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  • Writer's pictureHICO

Active Travel: Enhancing Place Making: The Multiple Benefits of Cycling and Walking

Updated: Apr 16

Our previous blog on active travel touched upon the need for quality and consistent engagement with communities from the outset when planning and designing active travel schemes. But taking a step back, what is the case for change and why encourage and promote active travel in the first place? At HICO, we suggest, active travel sits within a wider concept of ‘place-making’ and this too should be co-designed with those who live, work and travel in that space.

Photo by Ellen Kerbey on Unsplash

In spatial planning and community development, the concept of "place-making" refers to the intentional design and activation of public spaces to foster social interaction, cultural expression, and a sense of belonging. 

We believe that central to successful place making are active modes of transport such as cycling and walking. These not only promote physical health and environmental sustainability but can also contribute to the vitality and vibrancy of communities. Below, we explore seven benefits of cycling and walking to place making and how these activities can transform places into more liveable, inclusive, and resilient spaces. 

  • Vibrant streetscapes and pedestrian-friendly environments can attract visitors, stimulate economic activity, and support local businesses. Cyclists and pedestrians are more likely to use shops, cafes, pubs and restaurants located along walkable routes, contributing to the community spirit and economic resilience of neighbourhoods and local commercial activity.

  • Human-Scale design: investing in cycling and walking infrastructure encourages place design that prioritises the needs and safety of pedestrians and cyclists. Narrower streets, wider pavements, designated bike lanes, and traffic calming measures create human-scale environments that promote accessibility and inclusivity for all.

  • Cycling and walking can serve as catalysts for place-making initiatives, transforming underutilised spaces into public realms that reflect the identity and character of a community. Pop-up parks, street markets, art installations, and cultural events change public spaces, making them places of creativity, full of social interaction.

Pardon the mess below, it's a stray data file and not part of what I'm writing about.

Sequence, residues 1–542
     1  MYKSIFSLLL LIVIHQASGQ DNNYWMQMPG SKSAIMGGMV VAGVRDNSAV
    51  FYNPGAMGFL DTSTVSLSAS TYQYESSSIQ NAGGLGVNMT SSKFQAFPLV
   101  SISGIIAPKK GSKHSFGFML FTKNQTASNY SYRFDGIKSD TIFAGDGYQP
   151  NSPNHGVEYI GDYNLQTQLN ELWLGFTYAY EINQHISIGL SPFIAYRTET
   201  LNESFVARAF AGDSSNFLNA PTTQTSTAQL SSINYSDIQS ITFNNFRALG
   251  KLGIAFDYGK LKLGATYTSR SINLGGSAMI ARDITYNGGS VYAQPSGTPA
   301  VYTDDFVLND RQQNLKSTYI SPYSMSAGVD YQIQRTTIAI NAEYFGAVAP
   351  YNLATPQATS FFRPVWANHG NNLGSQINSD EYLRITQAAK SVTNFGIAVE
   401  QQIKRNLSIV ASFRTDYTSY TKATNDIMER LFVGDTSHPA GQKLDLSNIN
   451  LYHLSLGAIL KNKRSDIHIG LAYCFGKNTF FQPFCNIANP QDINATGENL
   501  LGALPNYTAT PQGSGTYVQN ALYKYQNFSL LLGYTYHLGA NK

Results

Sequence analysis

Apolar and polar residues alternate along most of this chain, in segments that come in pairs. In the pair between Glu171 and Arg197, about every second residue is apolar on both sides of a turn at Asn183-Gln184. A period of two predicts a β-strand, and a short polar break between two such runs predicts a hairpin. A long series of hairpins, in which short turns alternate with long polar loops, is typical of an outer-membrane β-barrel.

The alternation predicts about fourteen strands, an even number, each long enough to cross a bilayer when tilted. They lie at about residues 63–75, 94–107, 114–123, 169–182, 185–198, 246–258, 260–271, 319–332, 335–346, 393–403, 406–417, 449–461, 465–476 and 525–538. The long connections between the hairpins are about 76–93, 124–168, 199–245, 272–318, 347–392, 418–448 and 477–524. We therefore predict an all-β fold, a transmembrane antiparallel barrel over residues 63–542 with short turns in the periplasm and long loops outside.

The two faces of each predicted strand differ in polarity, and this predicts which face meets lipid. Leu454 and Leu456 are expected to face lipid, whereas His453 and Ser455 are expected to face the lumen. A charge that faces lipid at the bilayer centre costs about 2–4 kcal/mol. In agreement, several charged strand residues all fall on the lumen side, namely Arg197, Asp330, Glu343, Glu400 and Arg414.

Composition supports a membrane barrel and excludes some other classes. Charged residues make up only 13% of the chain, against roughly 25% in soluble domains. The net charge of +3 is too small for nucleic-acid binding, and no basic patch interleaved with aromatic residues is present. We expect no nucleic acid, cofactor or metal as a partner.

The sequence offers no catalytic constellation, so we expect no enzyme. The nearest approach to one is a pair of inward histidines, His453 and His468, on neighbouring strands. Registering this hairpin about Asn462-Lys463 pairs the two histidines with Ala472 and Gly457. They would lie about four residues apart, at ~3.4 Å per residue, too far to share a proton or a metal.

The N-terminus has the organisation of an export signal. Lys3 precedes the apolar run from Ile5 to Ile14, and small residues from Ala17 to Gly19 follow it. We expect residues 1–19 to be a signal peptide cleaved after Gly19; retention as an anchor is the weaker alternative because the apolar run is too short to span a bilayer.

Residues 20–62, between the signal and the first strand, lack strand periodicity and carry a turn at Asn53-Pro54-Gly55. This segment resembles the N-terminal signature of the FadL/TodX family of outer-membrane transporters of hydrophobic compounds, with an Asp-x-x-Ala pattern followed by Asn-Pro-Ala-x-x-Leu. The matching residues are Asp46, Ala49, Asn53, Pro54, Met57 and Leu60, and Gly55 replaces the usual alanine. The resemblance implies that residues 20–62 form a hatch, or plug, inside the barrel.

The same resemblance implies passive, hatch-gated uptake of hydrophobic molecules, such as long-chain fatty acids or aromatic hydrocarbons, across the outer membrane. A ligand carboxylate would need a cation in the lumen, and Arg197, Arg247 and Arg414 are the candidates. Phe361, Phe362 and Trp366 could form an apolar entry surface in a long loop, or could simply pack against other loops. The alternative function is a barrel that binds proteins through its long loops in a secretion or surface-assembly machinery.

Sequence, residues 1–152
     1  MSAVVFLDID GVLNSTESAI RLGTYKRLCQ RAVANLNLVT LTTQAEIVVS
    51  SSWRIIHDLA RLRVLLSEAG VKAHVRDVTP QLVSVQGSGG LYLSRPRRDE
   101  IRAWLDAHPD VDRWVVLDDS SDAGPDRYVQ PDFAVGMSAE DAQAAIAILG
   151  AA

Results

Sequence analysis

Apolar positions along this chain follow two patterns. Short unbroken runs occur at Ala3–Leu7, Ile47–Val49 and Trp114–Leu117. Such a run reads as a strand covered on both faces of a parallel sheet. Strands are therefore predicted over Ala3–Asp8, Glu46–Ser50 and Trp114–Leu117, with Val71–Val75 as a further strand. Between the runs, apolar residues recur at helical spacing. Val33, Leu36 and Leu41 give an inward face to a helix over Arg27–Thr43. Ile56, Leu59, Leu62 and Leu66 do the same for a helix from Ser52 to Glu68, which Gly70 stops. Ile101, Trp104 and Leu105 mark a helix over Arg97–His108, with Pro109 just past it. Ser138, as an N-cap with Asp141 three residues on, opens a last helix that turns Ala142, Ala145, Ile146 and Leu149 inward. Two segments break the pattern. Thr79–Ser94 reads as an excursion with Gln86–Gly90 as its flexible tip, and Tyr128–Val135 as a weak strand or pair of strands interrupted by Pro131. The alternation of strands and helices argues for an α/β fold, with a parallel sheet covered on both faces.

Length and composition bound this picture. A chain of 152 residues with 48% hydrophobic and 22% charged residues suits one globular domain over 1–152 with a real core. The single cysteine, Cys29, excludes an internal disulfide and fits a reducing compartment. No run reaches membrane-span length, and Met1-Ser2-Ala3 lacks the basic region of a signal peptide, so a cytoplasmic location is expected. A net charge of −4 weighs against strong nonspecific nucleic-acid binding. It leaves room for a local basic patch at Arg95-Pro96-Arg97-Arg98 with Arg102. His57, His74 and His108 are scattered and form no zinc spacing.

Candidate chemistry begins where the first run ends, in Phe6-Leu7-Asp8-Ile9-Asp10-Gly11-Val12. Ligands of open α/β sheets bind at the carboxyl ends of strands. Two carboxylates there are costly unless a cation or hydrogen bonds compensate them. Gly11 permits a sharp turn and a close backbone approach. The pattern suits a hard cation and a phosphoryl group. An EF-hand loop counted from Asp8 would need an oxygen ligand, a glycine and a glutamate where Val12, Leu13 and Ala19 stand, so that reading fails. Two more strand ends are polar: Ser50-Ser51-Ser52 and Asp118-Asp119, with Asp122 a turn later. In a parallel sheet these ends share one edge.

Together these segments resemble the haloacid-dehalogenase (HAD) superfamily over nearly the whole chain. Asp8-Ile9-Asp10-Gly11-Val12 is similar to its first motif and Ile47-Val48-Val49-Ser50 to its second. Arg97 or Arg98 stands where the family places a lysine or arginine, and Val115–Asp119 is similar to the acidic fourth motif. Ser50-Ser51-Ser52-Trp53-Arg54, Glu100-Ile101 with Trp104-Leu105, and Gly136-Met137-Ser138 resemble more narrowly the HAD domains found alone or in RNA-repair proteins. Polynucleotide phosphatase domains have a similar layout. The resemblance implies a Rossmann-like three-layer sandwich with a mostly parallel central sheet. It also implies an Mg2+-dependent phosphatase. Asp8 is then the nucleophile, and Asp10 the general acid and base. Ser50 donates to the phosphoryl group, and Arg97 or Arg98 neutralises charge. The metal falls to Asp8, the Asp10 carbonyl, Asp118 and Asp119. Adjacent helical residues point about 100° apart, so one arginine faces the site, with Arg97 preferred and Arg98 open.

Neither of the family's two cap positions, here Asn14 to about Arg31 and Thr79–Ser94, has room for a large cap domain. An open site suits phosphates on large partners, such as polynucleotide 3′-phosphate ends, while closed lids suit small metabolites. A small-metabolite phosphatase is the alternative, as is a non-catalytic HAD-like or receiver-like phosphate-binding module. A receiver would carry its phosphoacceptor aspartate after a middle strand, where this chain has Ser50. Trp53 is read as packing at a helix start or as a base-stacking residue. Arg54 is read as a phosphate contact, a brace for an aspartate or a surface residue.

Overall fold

• Reduced traffic congestion: prioritising cycling and walking infrastructure, places can reduce traffic congestion, improve traffic flow, and minimise car use. Dedicated bike lanes, pedestrian-friendly streetscapes, and mixed-use developments encourage alternative modes of transportation, leading to smoother traffic patterns for all road users.

  • Environmental benefits: cycling and walking are inherently low or zero carbon modes of transportation. By promoting active transport options, places can reduce air pollution, mitigate climate change impacts, and create healthier and more sustainable environments for current and future generations.

  • Improved physical wellbeing: cycling and walking offer accessible and enjoyable ways for individuals to incorporate physical activity into their daily routines, promoting heart health, muscle strength, and overall wellbeing. Through encouraging active transport options, places can combat sedentary lifestyles and reduce the prevalence of chronic diseases such as obesity, diabetes, and heart disease.

  • Enhanced mental wellbeing: engaging in cycling and walking can have mental health benefits, with regular users reporting reduced stress, anxiety, and depression and improved mood. The opportunity to connect with nature, explore new surroundings, and interact with others in shared public spaces can foster a sense of connectedness and belonging, enhancing overall quality of life. 

At HICO we understand that place-making provides a way to present active travel as an integral part of spatial planning, contributing to great places for people to live and work. If you would like to discuss how to re-profile your active travel scheme in this way, why don’t you get in touch?

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